In 1996, NAA carried out a watching brief in advance of the construction of a water pipeline west of Durham City. It ran from the A167 (the former Great North Road) at Neville's Cross westwards for 4km past Bearpark village. The potential archaeological interest lay in the east of the route, which crossed the site of the Battle of Neville’s Cross (1346), where the army of King David II of Scotland was comprehensively destroyed by an English army led by Lord Ralph Neville.
For much of the route, topsoil stripping revealed only a thick subsoil horizon resulting from medieval ridge-and-furrow cultivation, which masked any archaeological features. However, a small test pit to determine the thickness of the subsoil was fortuitously located over a medieval pottery kiln!
Following this discovery, the subsoil layer was removed and the kiln (Kiln A) and several other features were excavated. The kiln had stone walls and had been elliptical in plan with a stoke-pit at the north end. A flue to the south extended beneath a hedgerow and had been truncated by a road cutting. A gully flanking the kiln may have been for drainage. There was evidence for multiple firings of the kiln, with layers of firing debris and burnt sand inside the kiln and more debris raked out into the stoke-pit. A second kiln (Kiln B) was identified in the pipe trench in an adjacent field, which was recorded in section and a pottery assemblage recovered.
The excavation collected nearly 20,000 pottery sherds, together with over 1,800 fragments of fired-clay and sandstone slabs that probably represented kiln furniture. Some sandstone slabs retained the outlines of the rims or base of the pots that had been stacked on them. The pottery vessels in Kiln A were mainly jars and jugs, with a small number of skillet handles and a possible urinal, mostly in a sandy buff fabric (although fired to a range of colours), often with green glaze. Some of the fabrics in Kiln B were grittier, and the vessels were mostly of a jar form not found in Kiln A suggesting either a different date for the kiln or a different potter. Charcoal from the Kiln A stoke-pit indicated that the main fuel used was oak, although other tree species were present (perhaps as kindling). A few fragments of coal suggested occasional use of this fuel, which is attested as being mined at Aldin Grange in the 15th century.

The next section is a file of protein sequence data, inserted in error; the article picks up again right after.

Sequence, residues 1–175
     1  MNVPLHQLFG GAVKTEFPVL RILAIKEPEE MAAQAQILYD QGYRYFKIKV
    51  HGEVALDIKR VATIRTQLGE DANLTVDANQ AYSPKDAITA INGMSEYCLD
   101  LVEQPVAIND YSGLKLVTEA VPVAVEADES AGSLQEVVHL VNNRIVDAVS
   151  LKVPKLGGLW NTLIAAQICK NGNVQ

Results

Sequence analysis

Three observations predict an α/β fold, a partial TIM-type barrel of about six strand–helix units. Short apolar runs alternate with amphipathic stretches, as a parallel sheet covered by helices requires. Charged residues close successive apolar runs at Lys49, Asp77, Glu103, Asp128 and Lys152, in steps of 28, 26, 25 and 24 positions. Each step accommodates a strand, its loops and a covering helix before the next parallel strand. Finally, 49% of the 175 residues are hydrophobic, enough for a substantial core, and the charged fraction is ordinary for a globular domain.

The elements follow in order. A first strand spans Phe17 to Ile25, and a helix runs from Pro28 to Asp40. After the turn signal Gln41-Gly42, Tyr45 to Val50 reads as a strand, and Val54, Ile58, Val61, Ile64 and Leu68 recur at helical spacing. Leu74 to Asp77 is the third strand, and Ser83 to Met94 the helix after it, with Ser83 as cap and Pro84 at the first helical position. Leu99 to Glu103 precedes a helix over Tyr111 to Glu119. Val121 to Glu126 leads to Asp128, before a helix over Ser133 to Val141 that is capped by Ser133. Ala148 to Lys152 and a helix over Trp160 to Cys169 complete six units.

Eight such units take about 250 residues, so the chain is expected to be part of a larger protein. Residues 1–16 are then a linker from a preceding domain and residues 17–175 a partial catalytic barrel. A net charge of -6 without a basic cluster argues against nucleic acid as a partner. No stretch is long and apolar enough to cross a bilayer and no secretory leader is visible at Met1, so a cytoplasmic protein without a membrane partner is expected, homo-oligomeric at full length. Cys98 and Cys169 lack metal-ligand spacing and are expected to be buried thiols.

Archaeomagnetic dating of Kiln A indicated that it had last been fired in AD1340–1375, a period that coincides with the date of the Battle of Neville’s Cross (1346). Prior to the battle, the Scottish army devastated the countryside, so perhaps the potters at Aldin Grange were driven off or killed and the kilns destroyed prior to the battle. The aftermath of the battle also spilled into this area, and King David II is said to have been captured only 100m from Kiln A, hiding under Aldin Grange Bridge.
Following the pipeline works, a geophysical survey of the remainder of the Kiln A field revealed magnetic anomalies likely to represent kilns, suggesting that the excavated examples formed part of a large and previously unrecorded medieval pottery industry. The kiln site is a short distance downstream from the Beaurepaire estate of the Priors of Durham. It may have operated under their auspices and must have been a major supplier of pottery to the nearby city.
The excavation at Aldin Grange demonstrated NAA’s ability to react to unexpected and complex discoveries in a timely and professional manner, recovering the maximum amount of information while avoiding any significant delay to the pipeline construction works. The archaeological work also provided an opportunity to engage the local community with publication of newspaper articles and a site visit by local primary school children.